August 29, 2018 / 2:04 PM / 3 months ago

U.S. goes to WTO to challenge Russian response to Trump's steel tariffs

FILE PHOTO: Rolled steel is seen after being treated on the pickle line at the Severstal steel mill in Dearborn, Michigan, U.S., June 21, 2012. REUTERS/Rebecca Cook/File Photo

GENEVA (Reuters) - The United States launched a complaint against Russia at the World Trade Organisation (WTO) on Wednesday, challenging measures introduced by Russia in response to recent U.S. tariffs on global steel and aluminium exports.

Imposed in July, the measures in question featuring extra duties on a limited range of U.S. goods were a limited response to the U.S. tariffs, aimed at compensating for just $87.6 million (67.95 million pounds) of the $537.6 million Russia expects the hike to cost its companies.

The United States said Russia’s measures broke WTO rules by applying only to U.S. imports, and not to goods from any other country, and because the rates of duty were higher than the maximum allowed under its WTO membership terms.

Russia now has 60 days to settle the dispute, after which the United States could ask the WTO to set up a panel to adjudicate.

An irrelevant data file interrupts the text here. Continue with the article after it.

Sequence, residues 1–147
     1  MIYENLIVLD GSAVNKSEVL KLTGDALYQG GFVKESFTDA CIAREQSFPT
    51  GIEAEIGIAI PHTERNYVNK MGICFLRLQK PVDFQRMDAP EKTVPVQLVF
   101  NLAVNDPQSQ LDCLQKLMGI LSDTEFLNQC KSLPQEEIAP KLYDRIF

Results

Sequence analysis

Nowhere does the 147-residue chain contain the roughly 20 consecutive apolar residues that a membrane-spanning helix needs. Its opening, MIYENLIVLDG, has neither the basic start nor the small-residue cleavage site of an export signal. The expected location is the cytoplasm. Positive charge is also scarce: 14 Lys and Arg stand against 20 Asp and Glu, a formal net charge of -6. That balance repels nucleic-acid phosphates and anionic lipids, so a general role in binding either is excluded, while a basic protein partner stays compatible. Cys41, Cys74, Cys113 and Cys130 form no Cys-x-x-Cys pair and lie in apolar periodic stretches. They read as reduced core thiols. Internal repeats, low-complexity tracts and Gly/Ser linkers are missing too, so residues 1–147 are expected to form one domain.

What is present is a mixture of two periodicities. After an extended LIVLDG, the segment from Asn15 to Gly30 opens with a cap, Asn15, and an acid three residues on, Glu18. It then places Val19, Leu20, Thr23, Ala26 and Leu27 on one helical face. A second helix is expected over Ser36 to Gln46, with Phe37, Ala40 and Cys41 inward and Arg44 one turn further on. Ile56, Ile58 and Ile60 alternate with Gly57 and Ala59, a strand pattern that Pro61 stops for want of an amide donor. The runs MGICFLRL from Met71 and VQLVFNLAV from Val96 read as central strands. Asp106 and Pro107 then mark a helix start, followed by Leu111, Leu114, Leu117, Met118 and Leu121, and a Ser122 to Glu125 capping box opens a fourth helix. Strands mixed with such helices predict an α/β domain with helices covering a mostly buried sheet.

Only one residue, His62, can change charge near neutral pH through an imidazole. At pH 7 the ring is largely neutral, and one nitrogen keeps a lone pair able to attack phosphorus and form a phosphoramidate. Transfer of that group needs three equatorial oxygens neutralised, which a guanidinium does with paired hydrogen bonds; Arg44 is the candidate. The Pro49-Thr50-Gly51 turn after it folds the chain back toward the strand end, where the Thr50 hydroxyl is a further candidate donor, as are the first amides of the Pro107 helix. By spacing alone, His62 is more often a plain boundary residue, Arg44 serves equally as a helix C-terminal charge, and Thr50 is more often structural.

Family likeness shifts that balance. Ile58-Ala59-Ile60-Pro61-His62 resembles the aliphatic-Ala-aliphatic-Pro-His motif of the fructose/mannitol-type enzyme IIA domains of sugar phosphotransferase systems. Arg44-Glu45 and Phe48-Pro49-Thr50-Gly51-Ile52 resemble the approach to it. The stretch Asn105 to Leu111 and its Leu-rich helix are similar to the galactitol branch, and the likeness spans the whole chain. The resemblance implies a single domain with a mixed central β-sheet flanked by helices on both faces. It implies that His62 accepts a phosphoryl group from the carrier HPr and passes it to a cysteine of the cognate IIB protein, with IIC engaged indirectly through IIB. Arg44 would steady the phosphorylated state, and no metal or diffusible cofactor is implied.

“The United States has incorrectly interpreted the nature of the measures taken by Russia,” Russia’s economy ministry said in a statement.

“We are acting within the framework of the WTO agreement on special protective measures, which allows countries to compensate for damages incurred as a result of ‘special protective measures’ taken by another country (in this case, the United States),” the ministry said.

Kremlin spokesman Dmitry Peskov told reporters on a conference call it was Washington’s right to file a case to the WTO, but that “in this instance Russia will of course use its full range of counter-arguments”.

The exchange comes amid a large-scale trade war between the United States and China, which has seen the world’s two biggest economies slap major tit-for-tat duties on each other’s imports.

Reporting by Tom Miles; Writing by Polina Ivanova; Editing by Stephanie Nebehay and David Holmes

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